One of my favourite deepening hypnosis processes is one championed, developed and often referred to by Michael Yapko, and is called the Mind’s Eye Closure.

I like it because it is fairly quick, really does the job of deepening well and helps in a variety of ways with the session. The technique involves offering suggestions about imagining the presence of a “mind’s eye” as the (albeit metaphorical) part of our mind which thinks and imagines stuff even when our body is relaxed, comfortable and still.

Here on this blog, I have written a  variety of ways of using eye fixation to induce hypnosis and for self-hypnosis purposes, and this process offers up a similar notion using your imaginary mind’s eye and the eyelids of that mind’s eye. The hypnotherapist guides the client to imagine the mind’s eyelid getting heavier, for example and we then extend the metaphor so that this (imaginary) eyelid closing also helps the mind to quieten and be less distracted.

It is great to use if a client has come from a busy environment, or is fidgety at the beginning of a session, for example.

This is the way Michael Yapko suggests it is done and can be found in his book Trancework in the chapter on Strategies of Hypnotic Induction. He suggests you word it something like this, having ideally completed an initial induction of some kind:

“…. just as you have eyes that see the world around you, you have an inner eye that many people refer to as the “mind’s eye”… and it can see images and process thoughts even as you relax deeply… and you can think of your mind’s eye as having an eyelid… and like your physical eyes your mind’s eyelid can gradually grow more tired and heavy, and it can begin to drop… and as it begins to close it slowly closes out more of those stray thoughts and stray images and leave your mind clearer and clearer, more quiet and open and free to experience whatever you would choose… and it’s closing more and more… and your mind grows quieter, more restful… and now your mind’s eye can close… and close out any stray thoughts or images that you don’t want to interfere with how relaxed you are…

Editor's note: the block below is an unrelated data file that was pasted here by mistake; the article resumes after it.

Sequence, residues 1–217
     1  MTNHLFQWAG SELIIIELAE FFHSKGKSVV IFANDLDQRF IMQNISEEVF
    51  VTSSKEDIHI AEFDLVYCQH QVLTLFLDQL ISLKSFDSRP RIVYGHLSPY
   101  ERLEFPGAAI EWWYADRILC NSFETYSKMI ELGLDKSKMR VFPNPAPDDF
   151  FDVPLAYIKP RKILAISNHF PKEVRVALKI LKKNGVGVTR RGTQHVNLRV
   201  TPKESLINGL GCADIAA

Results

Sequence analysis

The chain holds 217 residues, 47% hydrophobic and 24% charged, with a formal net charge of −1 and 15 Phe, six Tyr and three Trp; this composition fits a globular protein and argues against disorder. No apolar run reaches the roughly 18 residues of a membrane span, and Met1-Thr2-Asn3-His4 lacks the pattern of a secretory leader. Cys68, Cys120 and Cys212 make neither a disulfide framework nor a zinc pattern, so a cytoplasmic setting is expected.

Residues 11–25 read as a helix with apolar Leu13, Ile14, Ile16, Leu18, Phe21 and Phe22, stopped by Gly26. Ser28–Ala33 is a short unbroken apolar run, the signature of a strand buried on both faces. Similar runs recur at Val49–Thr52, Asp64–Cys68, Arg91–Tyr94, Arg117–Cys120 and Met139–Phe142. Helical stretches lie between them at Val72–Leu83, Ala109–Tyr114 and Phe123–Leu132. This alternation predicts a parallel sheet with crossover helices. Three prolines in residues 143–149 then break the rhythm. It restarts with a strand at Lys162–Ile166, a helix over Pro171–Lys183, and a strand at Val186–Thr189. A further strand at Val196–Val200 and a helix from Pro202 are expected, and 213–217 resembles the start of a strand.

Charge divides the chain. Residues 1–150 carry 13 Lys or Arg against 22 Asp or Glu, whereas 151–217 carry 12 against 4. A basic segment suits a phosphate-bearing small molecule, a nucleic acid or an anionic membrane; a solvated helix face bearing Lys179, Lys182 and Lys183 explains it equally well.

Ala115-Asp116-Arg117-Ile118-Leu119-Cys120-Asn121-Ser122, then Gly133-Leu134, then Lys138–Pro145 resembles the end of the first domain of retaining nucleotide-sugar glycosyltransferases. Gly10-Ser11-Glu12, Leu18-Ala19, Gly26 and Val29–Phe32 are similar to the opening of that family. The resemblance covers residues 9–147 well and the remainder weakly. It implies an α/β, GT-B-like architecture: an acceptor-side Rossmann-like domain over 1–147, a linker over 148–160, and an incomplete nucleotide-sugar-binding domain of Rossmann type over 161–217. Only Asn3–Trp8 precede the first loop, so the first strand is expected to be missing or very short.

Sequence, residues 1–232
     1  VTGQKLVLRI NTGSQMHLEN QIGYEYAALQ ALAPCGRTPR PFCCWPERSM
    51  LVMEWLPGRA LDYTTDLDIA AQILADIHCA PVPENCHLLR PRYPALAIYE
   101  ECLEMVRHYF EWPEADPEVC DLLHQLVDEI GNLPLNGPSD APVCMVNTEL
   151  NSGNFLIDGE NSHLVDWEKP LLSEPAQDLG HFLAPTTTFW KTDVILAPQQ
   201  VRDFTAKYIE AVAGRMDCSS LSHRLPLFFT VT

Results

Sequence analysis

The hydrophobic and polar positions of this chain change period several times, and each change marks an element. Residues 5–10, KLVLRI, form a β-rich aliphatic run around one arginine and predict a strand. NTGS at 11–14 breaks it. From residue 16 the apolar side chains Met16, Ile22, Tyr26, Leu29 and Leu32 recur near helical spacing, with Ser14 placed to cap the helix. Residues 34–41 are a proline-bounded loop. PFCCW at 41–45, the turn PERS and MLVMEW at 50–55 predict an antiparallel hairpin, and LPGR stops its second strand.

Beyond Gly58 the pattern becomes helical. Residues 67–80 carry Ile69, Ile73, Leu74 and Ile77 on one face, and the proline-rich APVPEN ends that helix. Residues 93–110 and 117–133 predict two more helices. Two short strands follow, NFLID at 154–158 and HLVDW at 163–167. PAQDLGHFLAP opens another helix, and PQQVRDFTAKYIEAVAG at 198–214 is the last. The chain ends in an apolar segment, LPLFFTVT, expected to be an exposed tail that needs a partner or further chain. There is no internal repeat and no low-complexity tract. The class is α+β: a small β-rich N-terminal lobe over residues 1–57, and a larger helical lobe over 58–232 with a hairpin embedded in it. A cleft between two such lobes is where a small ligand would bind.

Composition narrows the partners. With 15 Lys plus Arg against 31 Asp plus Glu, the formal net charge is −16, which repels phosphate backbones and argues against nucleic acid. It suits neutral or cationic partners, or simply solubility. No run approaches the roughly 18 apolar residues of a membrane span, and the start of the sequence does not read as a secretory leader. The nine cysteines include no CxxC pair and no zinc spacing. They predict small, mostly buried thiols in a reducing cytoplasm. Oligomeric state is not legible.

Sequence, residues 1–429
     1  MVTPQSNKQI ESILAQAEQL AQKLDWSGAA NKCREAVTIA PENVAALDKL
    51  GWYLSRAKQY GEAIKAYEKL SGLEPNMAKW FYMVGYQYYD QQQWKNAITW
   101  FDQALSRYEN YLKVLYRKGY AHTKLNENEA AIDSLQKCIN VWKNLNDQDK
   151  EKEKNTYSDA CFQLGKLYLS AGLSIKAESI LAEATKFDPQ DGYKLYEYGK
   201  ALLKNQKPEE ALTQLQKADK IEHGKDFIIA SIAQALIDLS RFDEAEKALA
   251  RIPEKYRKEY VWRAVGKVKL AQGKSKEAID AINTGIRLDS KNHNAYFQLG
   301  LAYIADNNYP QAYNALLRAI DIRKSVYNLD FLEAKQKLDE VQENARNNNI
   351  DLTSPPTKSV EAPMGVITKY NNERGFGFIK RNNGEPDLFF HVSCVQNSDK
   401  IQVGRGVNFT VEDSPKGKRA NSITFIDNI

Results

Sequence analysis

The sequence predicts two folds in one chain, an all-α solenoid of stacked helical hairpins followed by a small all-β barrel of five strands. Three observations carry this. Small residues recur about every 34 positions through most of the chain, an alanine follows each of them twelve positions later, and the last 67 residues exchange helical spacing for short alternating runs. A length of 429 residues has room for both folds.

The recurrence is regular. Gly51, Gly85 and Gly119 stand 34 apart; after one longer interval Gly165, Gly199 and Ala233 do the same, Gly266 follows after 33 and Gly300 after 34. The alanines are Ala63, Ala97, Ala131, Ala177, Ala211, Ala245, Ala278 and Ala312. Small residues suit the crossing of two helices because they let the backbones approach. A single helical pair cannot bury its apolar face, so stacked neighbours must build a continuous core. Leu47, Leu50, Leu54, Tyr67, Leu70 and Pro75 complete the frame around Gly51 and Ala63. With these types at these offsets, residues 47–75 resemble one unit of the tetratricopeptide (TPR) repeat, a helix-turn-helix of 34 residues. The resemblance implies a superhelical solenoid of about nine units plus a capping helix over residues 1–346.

Yapko, M (2003) Trancework, Brunner Boutledge, pp 301.

I like the way this technique can help people ‘switch off’ and get focused on the hypnosis. I tend to prefer that you suggest their mind is more and more clear rather than it is perfectly clear, because if they have some minor internal dialogue, they may feel that what you are suggesting is not working and as such develop some resistance to the procedure.


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